Monday, December 15, 2014

Movie Review: "The Santa Clause" (1994)

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Movie"The Santa Clause"
Director: John Pasquin
Year: 1994
Rating: PG
Running Time: 1 hour, 37 minutes

Scott Calvin (Tim Allen) is a divorced father who works in marketing at a toy company. He is a busy man, which leaves him with less time than he would like to spend with his son Charlie (Eric Lloyd). His ex-wife Laura (Wendy Crewson) and her husband Neil (Judge Reinhold), who is a psychiatrist, believe they should tell Charlie that Santa is not real. Scott thinks they should let Charlie believe in Santa for as long as possible. On Christmas eve, Charlie and his dad hear a noise on the roof. When Scott goes to investigate, he sees Santa Claus standing on the roof, so he yells to him. This startles Santa and causes him to fall off the roof. Scott finds a card in Santa's pocket instructing the finder that, if anything happens to him to put on his suit and the reindeer will know what to do. At the insistence of his son, Scott complies, but by doing so, has unwittingly entered into a contract and has become the new Santa Claus. 

Some people really love this movie, and for us, it's more of a guilty pleasure film we can enjoy once every few years. While it is not our favorite Christmas movie, it does manage to have a lot of sappy heart and it did make us laugh quite a bit. It has definitely aged, though, even since the last time we watched it about 5 years ago. 20 years later, some of the 90's-centric humor and bad CGI reindeer graphics make this movie seem like it was made so long ago. The beginning and end are pretty strong. It starts with a bang, setting the tone by not only establishing Charlie and Scott's relationship and their shared fondness for Christmas, but with the broken relationship between Scott and his ex-wife Laura and their struggles to cope with having a young son after getting divorced. Charlie is put in the middle of his parents and their feud, with Scott wanting to let Charlie believe in Santa and get into the Christmas spirit, while Laura pretty much caves to her new husband Neil's anti-Santa Claus sentiments. It's similar to the plot of "Miracle on 34th Street," just with more fart jokes. The end sees Laura coming around to accepting Scott as Santa Claus for the greater good of Charlie, with a touching scene at the end of the film. that might make some weak-hearted fools like me cry. Though we wouldn't call ourselves fans of Tim Allen, he does a cute and convincing enough job as Santa Claus in this movie. He has a lot of humorous dialogue and quippy one-liners and comebacks throughout the film. He and Eric Lloyd have great and believable chemistry as son and father, as do Tim Allen and Judge Reinhold, who exude a great amount of tension as ex-husband and new husband to Laura.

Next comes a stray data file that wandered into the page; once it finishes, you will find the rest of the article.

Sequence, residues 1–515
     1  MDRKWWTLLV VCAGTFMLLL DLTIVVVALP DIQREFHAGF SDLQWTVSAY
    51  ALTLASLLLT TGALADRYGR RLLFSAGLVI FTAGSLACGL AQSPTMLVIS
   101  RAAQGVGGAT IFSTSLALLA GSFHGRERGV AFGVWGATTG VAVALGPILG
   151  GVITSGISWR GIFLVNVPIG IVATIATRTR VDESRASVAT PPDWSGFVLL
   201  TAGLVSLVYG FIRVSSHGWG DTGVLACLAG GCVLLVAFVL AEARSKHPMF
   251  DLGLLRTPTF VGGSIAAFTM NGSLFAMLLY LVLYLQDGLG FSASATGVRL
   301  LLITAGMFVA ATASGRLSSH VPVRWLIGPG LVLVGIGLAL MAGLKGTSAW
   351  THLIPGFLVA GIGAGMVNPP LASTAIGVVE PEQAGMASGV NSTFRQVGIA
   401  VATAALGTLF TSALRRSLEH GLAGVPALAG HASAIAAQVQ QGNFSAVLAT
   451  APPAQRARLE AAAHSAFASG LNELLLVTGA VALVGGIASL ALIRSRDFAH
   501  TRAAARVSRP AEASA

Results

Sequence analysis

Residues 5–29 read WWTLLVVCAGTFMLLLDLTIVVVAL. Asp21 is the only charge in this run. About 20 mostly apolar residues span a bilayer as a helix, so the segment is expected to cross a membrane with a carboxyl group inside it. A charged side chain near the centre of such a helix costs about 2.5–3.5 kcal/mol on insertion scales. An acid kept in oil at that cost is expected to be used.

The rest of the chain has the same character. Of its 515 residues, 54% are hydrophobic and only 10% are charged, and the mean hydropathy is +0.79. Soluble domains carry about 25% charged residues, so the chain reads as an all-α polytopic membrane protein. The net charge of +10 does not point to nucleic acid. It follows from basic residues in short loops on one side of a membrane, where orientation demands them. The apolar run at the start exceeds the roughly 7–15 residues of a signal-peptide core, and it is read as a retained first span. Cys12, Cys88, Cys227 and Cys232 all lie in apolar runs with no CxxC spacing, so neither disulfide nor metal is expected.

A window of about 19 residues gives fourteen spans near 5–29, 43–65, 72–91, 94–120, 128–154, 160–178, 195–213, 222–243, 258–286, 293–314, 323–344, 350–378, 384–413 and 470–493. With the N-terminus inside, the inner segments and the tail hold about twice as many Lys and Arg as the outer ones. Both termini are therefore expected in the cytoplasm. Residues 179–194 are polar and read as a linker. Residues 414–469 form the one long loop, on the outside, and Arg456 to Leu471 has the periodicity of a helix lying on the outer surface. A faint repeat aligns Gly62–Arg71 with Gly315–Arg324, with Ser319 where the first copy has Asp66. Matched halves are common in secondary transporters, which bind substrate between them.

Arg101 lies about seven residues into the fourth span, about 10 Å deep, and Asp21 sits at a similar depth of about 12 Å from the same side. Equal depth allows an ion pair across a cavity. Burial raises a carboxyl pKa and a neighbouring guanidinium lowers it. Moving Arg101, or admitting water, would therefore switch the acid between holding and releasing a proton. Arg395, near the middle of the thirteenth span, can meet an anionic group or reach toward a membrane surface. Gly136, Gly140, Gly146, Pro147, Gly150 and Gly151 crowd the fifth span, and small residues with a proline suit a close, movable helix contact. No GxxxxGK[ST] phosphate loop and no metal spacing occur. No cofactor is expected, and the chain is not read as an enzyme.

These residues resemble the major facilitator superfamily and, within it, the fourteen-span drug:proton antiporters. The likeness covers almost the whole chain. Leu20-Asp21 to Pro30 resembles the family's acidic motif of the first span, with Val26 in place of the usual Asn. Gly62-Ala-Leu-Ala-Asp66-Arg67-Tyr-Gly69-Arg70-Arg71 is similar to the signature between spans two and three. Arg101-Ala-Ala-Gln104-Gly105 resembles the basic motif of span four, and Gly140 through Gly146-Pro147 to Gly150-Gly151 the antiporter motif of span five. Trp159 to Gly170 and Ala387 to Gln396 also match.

The idea for dealing with how Scott becomes Santa Claus is a rather great one. If someone happens upon an incapacitated Santa Claus and they put on his suit, they are bound by The Santa Clause and must take over the job as Jolly Old St. Nick. This is a neat explanation for how Santa can live on for all eternity. The reluctance of Scott to take on his new found position is where the movie begins to go downhill for us. Scott begins to turn gray, gains weight rapidly and grows a beard even after shaving, which sets the movie up for numerous fat gags and a slew of old people jokes, which encompasses most of the middle portion of the film. Beyond these jokes, there's was point in the movie where we began to get angry at Laura and Neil for wanting to take away Scott's visitations rights to see Charlie. Neil had a bias against Santa from age 3 and let that bias and hatred for Santa impact Laura and her parenting of Charlie. Who cares if a 6 year old still believes in Santa? I remember believing until I was about 10 years old! Who said there was an age limit on the magic of Santa Claus?! We still have presents under our Christmas tree from Santa each and every year and we are in ours 30's (well, almost, for some of us)! Just because a kid wants to believe is no reason to take away his visitation rights. And technically, the kid ain't wrong! This part made us a little bit angry, and it's obviously an over-analyzed point on our part, but in the end, it didn't impact our overall thoughts of the movie as it is good enough film and one that kids will especially enjoy. It definitely has the ability to get you into the Christmas spirit!

My Rating: 6.5/10
BigJ's Rating: 6/10
IMDB's Rating: 6.3/10
Rotten Tomatoes Rating: 75%
Do we recommend this movie: Sure, why not?
One year ago, we were watching: "Home Alone"

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